What They're Saying About The Music
ED ZINCAVAGE (12/18/10)
The thing I like about your music style Ralph, is that it's honest, and genuine, and to the point. Your style reminds me of Eugene Chadbourne's music. That's a compliment.
"The ice age is coming, the sun's zoomin' in..." Chairman Ralph joins his fellow spoken word commandos and language ninjas in celebrating the impact of LONDON CALLING, by the Clash -- the first entry in CityLit Press's "lo-fi poetry" series. You're just one nuclear error....er, click...away from getting the full details!
Just one of many philosophical asides that I exchanged, via the magic of email, with Tim Heenan for his site (dedicated to his goal of playing 52 gigs in as many weeks -- click on the appropriate link to get the whole story for yourself!). Thanks to Tim for making this one possible!
Chairman Ralph regularly plays around the Michiana area. His performing venues range from The Chocolate Cafe (St. Joseph, MI), to the Acorn Theater (Three Oaks, MI), and Foundry Hall (South Haven, MI), as well as South Bend's Artpost Gallery, where he appeared in April as part of its Poetry Marathon celebration.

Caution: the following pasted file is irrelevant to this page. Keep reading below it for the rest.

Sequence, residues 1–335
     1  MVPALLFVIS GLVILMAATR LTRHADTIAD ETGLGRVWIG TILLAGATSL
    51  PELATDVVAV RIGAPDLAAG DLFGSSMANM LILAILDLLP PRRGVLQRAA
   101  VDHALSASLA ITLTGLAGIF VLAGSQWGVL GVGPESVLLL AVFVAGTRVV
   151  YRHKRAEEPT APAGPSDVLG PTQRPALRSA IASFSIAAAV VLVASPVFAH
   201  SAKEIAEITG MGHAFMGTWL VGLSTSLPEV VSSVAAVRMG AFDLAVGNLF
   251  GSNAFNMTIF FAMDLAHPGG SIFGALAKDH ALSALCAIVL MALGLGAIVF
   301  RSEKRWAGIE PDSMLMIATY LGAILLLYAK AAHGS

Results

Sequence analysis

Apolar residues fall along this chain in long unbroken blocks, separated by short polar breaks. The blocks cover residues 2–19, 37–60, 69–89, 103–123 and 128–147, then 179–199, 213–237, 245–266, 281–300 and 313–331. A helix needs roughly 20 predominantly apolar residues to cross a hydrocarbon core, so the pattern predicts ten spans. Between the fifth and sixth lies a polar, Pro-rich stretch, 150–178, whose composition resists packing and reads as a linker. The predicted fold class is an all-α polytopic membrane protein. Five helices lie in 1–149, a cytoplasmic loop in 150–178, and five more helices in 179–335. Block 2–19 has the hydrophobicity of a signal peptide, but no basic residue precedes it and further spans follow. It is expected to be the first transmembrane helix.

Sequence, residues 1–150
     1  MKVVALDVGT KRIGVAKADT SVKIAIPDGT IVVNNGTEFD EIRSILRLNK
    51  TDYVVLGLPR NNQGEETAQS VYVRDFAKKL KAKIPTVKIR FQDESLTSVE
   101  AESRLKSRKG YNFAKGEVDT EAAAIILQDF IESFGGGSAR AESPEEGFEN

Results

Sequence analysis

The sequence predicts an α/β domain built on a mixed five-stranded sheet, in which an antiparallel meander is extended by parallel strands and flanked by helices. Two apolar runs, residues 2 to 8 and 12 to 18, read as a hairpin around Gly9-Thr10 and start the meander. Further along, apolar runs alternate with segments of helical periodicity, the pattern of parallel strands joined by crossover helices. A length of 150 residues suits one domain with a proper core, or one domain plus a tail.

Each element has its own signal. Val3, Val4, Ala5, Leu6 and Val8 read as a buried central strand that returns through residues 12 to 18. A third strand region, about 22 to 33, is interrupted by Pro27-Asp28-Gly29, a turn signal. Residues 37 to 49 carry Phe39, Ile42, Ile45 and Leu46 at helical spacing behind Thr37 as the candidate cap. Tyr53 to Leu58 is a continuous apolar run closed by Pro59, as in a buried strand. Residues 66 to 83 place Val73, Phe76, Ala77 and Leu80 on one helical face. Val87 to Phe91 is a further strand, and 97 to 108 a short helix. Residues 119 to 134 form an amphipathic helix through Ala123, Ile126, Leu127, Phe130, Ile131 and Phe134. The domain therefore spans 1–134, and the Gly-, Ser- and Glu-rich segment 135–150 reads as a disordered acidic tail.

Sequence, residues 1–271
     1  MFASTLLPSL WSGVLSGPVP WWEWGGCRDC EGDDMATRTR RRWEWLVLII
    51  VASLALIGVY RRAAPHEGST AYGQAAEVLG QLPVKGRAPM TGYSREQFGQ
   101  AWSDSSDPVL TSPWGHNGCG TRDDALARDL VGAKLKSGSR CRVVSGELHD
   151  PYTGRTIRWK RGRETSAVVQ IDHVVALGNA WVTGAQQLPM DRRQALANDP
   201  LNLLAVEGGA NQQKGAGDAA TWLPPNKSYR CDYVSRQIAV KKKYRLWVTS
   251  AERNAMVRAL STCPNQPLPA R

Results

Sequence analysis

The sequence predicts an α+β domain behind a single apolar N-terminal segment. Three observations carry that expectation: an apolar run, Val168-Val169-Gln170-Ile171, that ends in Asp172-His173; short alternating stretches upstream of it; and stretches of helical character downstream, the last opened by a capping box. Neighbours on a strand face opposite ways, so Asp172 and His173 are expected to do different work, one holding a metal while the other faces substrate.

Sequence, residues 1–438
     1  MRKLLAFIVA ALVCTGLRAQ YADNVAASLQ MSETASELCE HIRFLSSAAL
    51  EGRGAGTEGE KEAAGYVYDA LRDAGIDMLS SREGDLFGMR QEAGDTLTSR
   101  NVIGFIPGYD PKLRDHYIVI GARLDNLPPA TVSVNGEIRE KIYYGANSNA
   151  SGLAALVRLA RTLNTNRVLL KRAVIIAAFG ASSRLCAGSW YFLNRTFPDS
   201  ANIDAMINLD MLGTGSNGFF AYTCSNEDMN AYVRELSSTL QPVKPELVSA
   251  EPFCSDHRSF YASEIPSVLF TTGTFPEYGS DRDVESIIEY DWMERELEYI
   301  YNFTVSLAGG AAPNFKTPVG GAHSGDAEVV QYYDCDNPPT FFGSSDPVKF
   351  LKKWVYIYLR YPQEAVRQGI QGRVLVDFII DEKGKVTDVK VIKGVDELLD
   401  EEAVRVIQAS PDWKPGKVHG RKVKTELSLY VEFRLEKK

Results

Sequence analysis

"Good music takes you somewhere that you haven't already been," the Chairman says. "That seems like an afterthought nowadays, but it's not to me. It's all up for grabs."
"Good music takes you somewhere that you haven't already been," Ralph states. "That seems like an afterthought nowadays, but not to me. It's all up for grabs."
"I enjoyed it very much, having the opportunity to show off my artwork, as well as the variety (of styles)," Quinlan said. "I look forward to other opportunities like this one."
The show closed on Oct. 20 with "Unraveled," a multi-media party that featured refreshments, and live music from local guitarist Chairman Ralph (Heibutzki). (For a sampling of the highlights, and works sold, see the accompanying photos.)
As anyone who's seen the Chairman knows, no two shows are alike, and this one won't be an exception. Look for Ralph to pull out everything from country instrumentals, to offbeat covers (the Clash and the Kinks are always on the rehearsal menu), and his own humorous originals (like "Where's The Crowd?", which deals with every musician's worst nightmare -- the empty room).